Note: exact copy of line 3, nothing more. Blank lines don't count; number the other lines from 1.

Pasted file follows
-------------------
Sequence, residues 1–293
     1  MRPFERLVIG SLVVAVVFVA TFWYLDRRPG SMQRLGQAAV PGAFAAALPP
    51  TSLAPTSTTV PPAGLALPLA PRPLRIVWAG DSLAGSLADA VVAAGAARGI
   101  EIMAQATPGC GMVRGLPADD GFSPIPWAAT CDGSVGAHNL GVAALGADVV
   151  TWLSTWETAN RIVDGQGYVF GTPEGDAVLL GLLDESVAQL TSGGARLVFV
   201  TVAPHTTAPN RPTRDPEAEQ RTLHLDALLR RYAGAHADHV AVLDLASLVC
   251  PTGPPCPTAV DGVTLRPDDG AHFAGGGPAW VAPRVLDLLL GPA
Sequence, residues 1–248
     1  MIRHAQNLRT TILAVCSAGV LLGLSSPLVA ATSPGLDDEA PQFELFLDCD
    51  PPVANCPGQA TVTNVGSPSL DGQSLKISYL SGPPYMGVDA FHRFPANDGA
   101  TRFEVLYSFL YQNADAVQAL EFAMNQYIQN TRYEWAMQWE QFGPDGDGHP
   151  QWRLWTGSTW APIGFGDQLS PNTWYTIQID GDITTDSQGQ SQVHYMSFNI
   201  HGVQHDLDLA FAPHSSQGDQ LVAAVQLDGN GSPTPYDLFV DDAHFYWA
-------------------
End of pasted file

    51  TSLAPTSTTV PPAGLALPLA PRPLRIVWAG DSLAGSLADA VVAAGAARGI